'Solo' (Kwame Alexander) - This obviously will not be the right book for everyone, and you can tell that immediately when you start reading the poetic verse. It's a coming-of-age story, written in song, about a teenager called Blade Morrison and from seeing the buzz around this book, this might be one I would actually prefer to go the audio route; it's narrated by the author, which is something I love, and would help with any struggle with the fact that it's verse/poetry. Actually reading along at the SAME TIME as hearing it would be amazing too, because I think this might just be a groundbreaker, and it may be easy to dismiss this one based on it being verse. Perfect for music and poetry lovers. Fascinating.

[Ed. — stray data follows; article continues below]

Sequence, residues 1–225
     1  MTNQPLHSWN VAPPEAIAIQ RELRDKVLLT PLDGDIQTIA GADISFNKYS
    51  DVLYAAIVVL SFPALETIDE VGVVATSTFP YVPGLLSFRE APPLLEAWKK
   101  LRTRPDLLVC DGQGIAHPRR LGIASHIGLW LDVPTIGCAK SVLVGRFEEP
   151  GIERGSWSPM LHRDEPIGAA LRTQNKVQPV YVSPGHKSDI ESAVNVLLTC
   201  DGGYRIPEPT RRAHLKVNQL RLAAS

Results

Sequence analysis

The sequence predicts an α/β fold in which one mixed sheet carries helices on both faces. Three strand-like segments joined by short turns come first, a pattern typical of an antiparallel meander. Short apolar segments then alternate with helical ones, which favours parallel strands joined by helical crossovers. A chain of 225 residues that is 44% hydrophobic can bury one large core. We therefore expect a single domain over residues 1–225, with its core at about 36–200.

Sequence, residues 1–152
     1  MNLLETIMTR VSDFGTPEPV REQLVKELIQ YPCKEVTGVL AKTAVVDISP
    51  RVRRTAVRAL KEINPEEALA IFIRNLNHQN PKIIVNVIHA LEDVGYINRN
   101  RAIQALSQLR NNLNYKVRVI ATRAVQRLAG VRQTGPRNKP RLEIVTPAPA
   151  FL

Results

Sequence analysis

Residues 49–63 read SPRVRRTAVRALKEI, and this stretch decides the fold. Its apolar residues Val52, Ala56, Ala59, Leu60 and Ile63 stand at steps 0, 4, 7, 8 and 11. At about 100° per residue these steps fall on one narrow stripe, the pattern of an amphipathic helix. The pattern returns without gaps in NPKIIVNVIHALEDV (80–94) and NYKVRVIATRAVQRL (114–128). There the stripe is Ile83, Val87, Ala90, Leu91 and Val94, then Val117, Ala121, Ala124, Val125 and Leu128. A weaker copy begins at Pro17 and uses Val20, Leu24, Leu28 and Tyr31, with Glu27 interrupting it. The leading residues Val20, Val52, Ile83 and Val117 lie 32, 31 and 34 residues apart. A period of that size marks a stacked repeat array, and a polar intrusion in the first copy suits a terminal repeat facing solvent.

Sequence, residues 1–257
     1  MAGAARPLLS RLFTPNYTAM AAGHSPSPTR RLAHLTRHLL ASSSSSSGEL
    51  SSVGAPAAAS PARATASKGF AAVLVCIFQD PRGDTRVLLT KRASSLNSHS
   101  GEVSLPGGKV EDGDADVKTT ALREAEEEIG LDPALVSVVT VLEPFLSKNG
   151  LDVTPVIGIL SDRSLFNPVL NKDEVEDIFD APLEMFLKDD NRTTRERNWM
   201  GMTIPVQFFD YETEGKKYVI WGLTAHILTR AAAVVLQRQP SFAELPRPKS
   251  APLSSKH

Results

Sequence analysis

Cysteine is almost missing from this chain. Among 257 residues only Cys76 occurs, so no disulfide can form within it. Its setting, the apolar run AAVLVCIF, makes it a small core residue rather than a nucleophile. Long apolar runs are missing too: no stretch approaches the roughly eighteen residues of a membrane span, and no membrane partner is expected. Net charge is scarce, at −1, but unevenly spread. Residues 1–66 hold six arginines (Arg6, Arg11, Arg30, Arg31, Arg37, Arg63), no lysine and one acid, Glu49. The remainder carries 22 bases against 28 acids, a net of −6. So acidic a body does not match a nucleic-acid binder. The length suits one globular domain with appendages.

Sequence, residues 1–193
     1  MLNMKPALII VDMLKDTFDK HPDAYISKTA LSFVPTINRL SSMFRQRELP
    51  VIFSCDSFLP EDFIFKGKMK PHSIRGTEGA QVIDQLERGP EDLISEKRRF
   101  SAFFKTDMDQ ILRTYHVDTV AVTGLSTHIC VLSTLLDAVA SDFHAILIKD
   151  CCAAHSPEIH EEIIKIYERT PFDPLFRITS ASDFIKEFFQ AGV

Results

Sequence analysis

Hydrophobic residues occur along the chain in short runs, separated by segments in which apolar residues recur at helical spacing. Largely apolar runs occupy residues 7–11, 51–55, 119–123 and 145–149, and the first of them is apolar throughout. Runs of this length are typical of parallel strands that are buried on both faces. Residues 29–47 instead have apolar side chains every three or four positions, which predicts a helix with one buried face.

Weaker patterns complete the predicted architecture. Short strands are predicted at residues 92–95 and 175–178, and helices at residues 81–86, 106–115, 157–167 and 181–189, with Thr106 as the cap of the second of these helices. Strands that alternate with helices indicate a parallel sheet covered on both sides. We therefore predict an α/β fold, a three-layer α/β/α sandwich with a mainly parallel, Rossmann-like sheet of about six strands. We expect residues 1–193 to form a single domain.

'Girls Made of Snow & Glass' (Melissa Bashardoust) - This is one of those that has had a lot of buzz around it; for me, I was initially drawn in by the simplicity of that beautiful monochromatic cover design of the icicles! Stunning. 'Snow & Glass' is described as a 'feminist fantasy reimagining of the Snow White Fairytale'; although we've had quite a few retellings of fairytales of late, what I hear is that this is a complex and magical look at the relationship between stepdaughter/stepmother and this is NOT a damsel-in-distress story (thank goodness). The excerpt is a slow introduction into the story but I would love to read this one in its entirety.